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Epic Mountain Climb Proves “Exploration Is Not Dead” | Exposure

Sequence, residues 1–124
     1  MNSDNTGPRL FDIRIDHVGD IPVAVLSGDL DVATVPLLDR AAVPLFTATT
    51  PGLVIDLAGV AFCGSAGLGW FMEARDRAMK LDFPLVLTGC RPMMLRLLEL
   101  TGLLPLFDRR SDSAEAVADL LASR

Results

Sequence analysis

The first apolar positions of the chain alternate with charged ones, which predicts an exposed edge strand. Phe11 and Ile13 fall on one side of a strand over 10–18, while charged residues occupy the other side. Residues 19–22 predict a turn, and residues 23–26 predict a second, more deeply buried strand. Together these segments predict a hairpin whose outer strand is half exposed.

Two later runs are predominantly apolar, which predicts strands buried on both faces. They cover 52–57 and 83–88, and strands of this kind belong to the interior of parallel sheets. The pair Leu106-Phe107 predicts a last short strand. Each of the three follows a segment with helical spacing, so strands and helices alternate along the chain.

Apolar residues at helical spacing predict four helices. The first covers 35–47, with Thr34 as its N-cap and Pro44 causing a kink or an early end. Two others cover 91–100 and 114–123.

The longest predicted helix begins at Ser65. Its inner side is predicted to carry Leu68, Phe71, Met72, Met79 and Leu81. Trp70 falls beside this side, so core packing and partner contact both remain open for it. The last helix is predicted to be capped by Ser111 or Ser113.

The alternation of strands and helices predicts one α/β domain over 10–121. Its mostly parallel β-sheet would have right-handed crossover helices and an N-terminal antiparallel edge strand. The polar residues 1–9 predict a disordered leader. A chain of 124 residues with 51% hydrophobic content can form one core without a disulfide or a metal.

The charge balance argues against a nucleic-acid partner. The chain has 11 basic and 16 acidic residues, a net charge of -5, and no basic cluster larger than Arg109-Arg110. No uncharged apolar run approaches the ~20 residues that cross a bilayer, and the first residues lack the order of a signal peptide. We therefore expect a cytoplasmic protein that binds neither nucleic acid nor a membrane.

this was old school real turn of the century adventure it was everything that exploration and adventure is and can be and and those elements that we’ve lost along the way we wanted an anti Everest and we really got an anti Everest Myanmar the northern tip of Myanmar Burma there was sort of a geographic question mark up there what is the highest point in Southeast Asia and there were three options kakapo Razi gamlang Razi and then an unnamed peak our initial goal was to try to go to measure these points and figure out what in fact was the highest I think this expedition surprised all of us it was much more complex right from the beginning than we had anticipated immediately we had to cut half of our gear and after the first day of walking which was a 16 mile day with 5,000 feet of vertical gain we had to cut our gear again because we realized there was no way that we were gonna get enough Porter’s to carry even the gear that we had still I thought getting to Basecamp that I would be very comfortable because this is something that I’m comfortable with I’ve been in this environment before you know now it’s kind of like up when we go up we rested one day in base camp before starting to climb and again there’s no trail we don’t know what we’re going and it was up and down and sharp and scary and horrifying and 6,000 feet of vertical gain from base camp it started to occur to us that maybe we didn’t have everything that we needed that we had been a little bit hasty with our gear cuts and I started to wonder at that point if we had enough clothing to withstand the wind that we were going to potentially encounter up higher and to be fair we didn’t as we got up to camp three we realized that the terrain ahead of us was just a little bit too complex and too dangerous for five of us to be climbing together we needed to cut the team now it wasn’t to say that that Hillary and Emily couldn’t have climbed it it was just to expedite and try to get to the summit and try to measure this mountain we had to look at who had the most experience on that kind of terrain and we you know left as as mark or Nam myself the ridge that we were trying to climb it was you know sort of akin to the edge of a very poorly made saw you’re gonna have to preserve some energy because you have to essentially wreak Lyme the whole Ridge in Reverse and I got to a point where I felt very concerned that we were putting too much up and down too much sort of complex convoluted terrain in between us and safety we don’t have sleeping bags at this point we don’t have a tent we have a stove but not enough fuel and I’m scared about that mark started leading the next pitch so he goes down and around this corner and that was these huge kind of rock teeth sticking up and and then he came back you know 15 20 minutes later and said you know this is it it’s over it’s too complex with what we have to keep going the summit you could see it you could I mean it was right there and it was hard it was heartbreaking it’s just heartbreaking I’m proud that we put in as much effort as we did and I’m proud of the decision that we made to turn around you’re pushing that envelope you’re pushing that edge and and failures I mean I think failure is just a piece of all of this the the major take away from an expedition like this is that exploration is not dead that’s really just gonna push us to discover more and more and more about our planet and hopefully inspire us to care about our planet as a human family I mean that’s putting exploration in sort of a context of something that is important and relevant and needs to continue you
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